Darren Rowse doesn’t make his money from Problogger.
Brian Clark doesn’t make his money from Copyblogger.
Chris Brogan doesn’t make his money from his blog, either.
Neither does Sonia Simone.
Not a single founding member of Third Tribe earns the bulk of their income from the blogs that are practically (or in Chris’ case, literally) synonymous with their names.
Yes, they make some money directly from those blogs. But revenue directly from the blog doesn’t represent the bulk of their income. Not by a long shot.
So why do so many bloggers equate blog success with financial success?
Many, if not most, of the bloggers I see are hoping that their blogs will make them popular. They are also hoping their blogs will make them money. This isn’t exactly surprising. Fame and riches are supposed to go hand in hand, after all.
But when you need a new stream of income tomorrow, you don’t write ten more blog posts.
You create a new product. You launch an email campaign. You make a special offer. You network. You find a great new JV partner. You ask for referrals and check in with your current clients.
Similarly, when you want to get more subscribers for your blog tomorrow, you don’t launch a product.
You write better content. You get more active on social media. You guest post on other people’s blogs. You link to other good articles. You improve your SEO.
Building a profitable business and creating a popular blog are two different things
Related, yes. But different.
The most popular blogs you know do not make most of their money simply by racking up the subscriber numbers. They make their money with products, consulting, services, and advertising.
They make their money by running a successful business. The fact that they run a popular blog facilitates that business.
If Brian wants to launch a product tomorrow, he has a big, engaged audience to whom he can launch it.
Having a huge audience who will listen when you launch a product isn’t the profitable part, though.
The profitable part is that Brian will create a product that his audience wants and needs. He’ll run an informative and compelling launch. He’ll have an affiliate program that works and a sales sequence that converts prospects into buyers.
Does the large subscriber base help with that product launch? Absolutely. But the blog itself is not the thing that’s making money.
If Copyblogger, with its magnificently large platform, were to launch a terrible product with a really weak campaign and only promoted it with a few blog posts to this vast audience of readers, they wouldn’t make enough money to pay my grocery bill.
Having a popular blog is not enough. You still have to build the business.
No, of course you shouldn’t neglect your blog
There are many, many virtues to a popular blog: social proof, credibility, enhanced visibility. They’re good for forging new business contacts and partnerships. They’re good for attracting potential customers for the products you’ll make or services you’ll provide.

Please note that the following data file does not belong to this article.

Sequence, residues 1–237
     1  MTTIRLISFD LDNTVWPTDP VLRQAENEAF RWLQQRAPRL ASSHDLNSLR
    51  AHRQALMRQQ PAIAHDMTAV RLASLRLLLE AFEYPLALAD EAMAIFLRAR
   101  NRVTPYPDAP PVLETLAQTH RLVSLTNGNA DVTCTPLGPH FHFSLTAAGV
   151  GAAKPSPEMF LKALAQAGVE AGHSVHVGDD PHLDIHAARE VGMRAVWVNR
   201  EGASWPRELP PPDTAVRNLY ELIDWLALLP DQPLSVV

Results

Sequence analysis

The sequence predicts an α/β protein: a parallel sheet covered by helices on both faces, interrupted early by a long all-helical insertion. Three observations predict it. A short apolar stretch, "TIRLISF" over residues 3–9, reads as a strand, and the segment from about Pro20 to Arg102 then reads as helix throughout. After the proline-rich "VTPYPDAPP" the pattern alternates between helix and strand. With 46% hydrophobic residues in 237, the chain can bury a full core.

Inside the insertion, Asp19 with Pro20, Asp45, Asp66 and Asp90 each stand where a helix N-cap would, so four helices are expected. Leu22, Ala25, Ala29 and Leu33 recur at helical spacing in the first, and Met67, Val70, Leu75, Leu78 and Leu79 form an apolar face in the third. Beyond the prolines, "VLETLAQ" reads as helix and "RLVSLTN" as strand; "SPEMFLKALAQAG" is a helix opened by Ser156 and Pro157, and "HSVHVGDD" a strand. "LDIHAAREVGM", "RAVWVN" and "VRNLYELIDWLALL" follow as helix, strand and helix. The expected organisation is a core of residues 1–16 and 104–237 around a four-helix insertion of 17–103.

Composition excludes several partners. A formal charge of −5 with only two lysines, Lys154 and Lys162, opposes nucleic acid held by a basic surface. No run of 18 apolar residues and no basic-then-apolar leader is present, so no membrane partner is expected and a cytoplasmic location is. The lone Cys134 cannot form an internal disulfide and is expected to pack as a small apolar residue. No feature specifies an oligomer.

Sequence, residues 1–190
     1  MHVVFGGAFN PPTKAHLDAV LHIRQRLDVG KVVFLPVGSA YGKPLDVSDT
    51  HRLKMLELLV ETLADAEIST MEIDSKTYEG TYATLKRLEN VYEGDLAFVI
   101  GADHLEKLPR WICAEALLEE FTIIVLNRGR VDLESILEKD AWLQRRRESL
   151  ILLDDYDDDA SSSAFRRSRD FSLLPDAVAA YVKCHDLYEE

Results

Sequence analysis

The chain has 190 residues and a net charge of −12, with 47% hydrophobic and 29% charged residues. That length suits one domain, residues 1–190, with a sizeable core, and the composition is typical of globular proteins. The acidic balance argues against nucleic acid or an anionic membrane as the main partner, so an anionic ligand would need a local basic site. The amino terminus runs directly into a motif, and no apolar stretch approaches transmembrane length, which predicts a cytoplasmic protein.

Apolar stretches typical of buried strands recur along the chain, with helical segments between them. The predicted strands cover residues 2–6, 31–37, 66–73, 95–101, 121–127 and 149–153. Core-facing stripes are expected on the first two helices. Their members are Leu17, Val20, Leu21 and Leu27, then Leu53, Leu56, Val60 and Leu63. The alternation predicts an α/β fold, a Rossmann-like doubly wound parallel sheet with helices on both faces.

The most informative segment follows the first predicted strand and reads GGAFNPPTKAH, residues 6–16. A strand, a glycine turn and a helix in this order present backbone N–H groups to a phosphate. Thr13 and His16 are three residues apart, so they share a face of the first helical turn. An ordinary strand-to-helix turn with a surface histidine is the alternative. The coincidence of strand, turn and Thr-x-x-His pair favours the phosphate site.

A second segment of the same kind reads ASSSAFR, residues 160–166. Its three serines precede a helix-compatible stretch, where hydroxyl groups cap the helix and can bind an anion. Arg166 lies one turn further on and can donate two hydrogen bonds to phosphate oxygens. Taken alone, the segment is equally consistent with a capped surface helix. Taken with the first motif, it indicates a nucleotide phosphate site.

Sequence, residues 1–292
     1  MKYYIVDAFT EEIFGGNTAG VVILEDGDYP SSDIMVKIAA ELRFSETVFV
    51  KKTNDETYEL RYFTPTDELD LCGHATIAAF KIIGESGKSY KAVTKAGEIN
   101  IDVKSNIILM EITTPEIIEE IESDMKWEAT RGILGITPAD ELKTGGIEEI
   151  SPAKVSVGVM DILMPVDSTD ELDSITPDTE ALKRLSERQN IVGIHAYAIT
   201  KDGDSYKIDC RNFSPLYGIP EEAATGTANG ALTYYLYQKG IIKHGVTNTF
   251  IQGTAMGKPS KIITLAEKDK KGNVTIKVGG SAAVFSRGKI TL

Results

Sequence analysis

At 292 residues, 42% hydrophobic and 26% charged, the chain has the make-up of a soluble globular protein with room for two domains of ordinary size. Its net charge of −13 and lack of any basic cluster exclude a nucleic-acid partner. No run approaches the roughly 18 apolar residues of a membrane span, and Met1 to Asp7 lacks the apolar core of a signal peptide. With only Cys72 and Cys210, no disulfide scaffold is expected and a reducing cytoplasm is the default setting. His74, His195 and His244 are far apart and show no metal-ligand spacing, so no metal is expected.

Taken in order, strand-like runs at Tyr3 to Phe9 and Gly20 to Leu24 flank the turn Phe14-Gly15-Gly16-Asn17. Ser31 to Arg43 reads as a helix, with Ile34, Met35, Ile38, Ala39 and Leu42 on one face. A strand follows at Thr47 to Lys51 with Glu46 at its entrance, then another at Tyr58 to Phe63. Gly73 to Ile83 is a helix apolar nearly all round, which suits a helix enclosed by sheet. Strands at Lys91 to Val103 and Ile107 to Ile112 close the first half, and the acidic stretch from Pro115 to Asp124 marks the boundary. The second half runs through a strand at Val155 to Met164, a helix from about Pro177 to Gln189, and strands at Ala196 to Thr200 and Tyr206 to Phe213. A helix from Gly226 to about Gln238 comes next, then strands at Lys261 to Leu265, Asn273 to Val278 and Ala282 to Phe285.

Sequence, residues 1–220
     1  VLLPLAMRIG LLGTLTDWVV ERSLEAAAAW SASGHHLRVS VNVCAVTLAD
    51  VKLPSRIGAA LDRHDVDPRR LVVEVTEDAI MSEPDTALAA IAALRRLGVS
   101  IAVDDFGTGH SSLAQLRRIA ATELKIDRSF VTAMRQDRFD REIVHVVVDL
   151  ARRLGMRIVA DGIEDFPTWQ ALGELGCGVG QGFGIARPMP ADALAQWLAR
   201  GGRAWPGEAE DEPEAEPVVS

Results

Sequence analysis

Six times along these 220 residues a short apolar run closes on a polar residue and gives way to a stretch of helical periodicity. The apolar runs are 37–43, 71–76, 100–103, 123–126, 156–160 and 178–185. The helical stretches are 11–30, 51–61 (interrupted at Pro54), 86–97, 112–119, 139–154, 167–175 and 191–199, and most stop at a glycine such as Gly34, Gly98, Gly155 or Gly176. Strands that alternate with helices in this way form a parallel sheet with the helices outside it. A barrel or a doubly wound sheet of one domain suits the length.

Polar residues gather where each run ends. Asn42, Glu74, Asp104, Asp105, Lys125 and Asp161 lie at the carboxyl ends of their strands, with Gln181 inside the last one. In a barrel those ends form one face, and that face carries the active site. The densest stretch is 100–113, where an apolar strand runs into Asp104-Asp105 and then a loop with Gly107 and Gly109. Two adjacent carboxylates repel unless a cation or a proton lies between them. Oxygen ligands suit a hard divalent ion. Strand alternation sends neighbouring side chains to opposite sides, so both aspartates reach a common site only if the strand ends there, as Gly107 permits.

They’re brilliant for creating relationships. I don’t know my dentist as well as I know some bloggers. And I trust my dentist with my teeth even though he comes at them with a variety of pointy things with hooks on their ends. Blogs help us make those trusting, potentially valuable connections, and for that reason alone, they’re worth pouring time and energy into.
But no matter how hard you try, your subscriber numbers are never going to magically transform themselves into your bank balance.
When it comes to making money, simply having a blog isn’t enough. Now you have to take all the things the blog has given you — visibility, authority, a reputation for knowing your industry, social proof — and put them to work building you a profitable business.
Because it won’t happen on its own.
If you want to use your blog as a jumping-off place for that business, though, Third Tribehas got you covered.
The seminar you’ll want to listen to is the 4-part series on Building a Business Around a Blog, which features interviews with Sonia Simone, Darren Rowse, Chris Brogan, Brian Clark, and Leo Babauta of Zen Habits. They cover a lot of ground, including:
- The three factors your blog must have if you want to make serious money with advertising
- Brogan’s two favorite ways to start bringing in revenue by using a blog
- The specifics about where the bulk of their income really comes from (you may be surprised)
- Why “blogging about blogging” isn’t the way to go
- How Darren uses surveys to build his business (and why Brian doesn’t)
- A quick creativity technique to develop the next killer idea for your business
- How to handle pushback if your customers respond negatively to your products
I listened to all four of these interviews. And not once, in hours of discussing techniques, business-building ideas, and marketing strategy, did any of these bloggers say that the best way to make money was to get more subscribers.
They’ve got a few ideas for how to do that too, though. Because blogs are valuable — just not in the way you think.
You can get instant access to all four seminars (and a dozen more), as well as Q&A sessions and the web’s best networking forum for internet businesspeople, by joining the Third Tribe today.
About the Author: Taylor Lindstrom is a freelance copywriter and Assistant Editor ofCopyblogger. She’s taking lots of notes about how to turn sharp copywriting into a profitable business.